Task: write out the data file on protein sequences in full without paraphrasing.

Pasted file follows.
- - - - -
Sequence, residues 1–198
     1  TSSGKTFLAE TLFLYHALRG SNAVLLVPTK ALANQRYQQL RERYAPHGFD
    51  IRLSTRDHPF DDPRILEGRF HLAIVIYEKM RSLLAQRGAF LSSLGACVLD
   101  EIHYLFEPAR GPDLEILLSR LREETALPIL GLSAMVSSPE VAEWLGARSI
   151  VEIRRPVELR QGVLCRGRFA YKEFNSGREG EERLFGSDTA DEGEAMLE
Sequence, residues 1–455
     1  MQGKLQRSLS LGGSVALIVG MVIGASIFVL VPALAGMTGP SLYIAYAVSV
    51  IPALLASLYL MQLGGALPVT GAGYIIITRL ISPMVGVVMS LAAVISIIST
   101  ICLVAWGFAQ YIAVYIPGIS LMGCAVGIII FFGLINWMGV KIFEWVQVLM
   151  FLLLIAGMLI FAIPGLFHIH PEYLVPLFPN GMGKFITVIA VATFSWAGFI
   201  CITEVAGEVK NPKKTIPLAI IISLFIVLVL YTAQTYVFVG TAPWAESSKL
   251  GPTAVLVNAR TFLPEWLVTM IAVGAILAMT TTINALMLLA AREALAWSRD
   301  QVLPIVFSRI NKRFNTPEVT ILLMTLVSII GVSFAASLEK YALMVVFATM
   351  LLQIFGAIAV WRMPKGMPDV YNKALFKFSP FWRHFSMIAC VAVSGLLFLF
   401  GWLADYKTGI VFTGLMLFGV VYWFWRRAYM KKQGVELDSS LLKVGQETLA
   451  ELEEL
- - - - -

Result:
Sequence, residues 1–198
     1  TSSGKTFLAE TLFLYHALRG SNAVLLVPTK ALANQRYQQL RERYAPHGFD
    51  IRLSTRDHPF DDPRILEGRF HLAIVIYEKM RSLLAQRGAF LSSLGACVLD
   101  EIHYLFEPAR GPDLEILLSR LREETALPIL GLSAMVSSPE VAEWLGARSI
   151  VEIRRPVELR QGVLCRGRFA YKEFNSGREG EERLFGSDTA DEGEAMLE
Sequence, residues 1–455
     1  MQGKLQRSLS LGGSVALIVG MVIGASIFVL VPALAGMTGP SLYIAYAVSV
    51  IPALLASLYL MQLGGALPVT GAGYIIITRL ISPMVGVVMS LAAVISIIST
   101  ICLVAWGFAQ YIAVYIPGIS LMGCAVGIII FFGLINWMGV KIFEWVQVLM
   151  FLLLIAGMLI FAIPGLFHIH PEYLVPLFPN GMGKFITVIA VATFSWAGFI
   201  CITEVAGEVK NPKKTIPLAI IISLFIVLVL YTAQTYVFVG TAPWAESSKL
   251  GPTAVLVNAR TFLPEWLVTM IAVGAILAMT TTINALMLLA AREALAWSRD
   301  QVLPIVFSRI NKRFNTPEVT ILLMTLVSII GVSFAASLEK YALMVVFATM
   351  LLQIFGAIAV WRMPKGMPDV YNKALFKFSP FWRHFSMIAC VAVSGLLFLF
   401  GWLADYKTGI VFTGLMLFGV VYWFWRRAYM KKQGVELDSS LLKVGQETLA
   451  ELEEL